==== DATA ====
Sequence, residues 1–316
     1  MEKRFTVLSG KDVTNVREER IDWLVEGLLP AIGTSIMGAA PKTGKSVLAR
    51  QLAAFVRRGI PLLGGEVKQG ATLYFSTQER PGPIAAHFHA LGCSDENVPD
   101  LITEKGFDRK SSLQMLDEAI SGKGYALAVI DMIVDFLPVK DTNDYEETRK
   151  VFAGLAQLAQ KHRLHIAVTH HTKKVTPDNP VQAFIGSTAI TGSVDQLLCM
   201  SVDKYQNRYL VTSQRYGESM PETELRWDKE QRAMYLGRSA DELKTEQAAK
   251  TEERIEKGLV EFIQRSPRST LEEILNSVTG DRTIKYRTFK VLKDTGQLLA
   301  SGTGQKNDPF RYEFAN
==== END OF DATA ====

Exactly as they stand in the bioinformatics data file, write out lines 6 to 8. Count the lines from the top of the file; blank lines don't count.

   201  SVDKYQNRYL VTSQRYGESM PETELRWDKE QRAMYLGRSA DELKTEQAAK
   251  TEERIEKGLV EFIQRSPRST LEEILNSVTG DRTIKYRTFK VLKDTGQLLA
   301  SGTGQKNDPF RYEFAN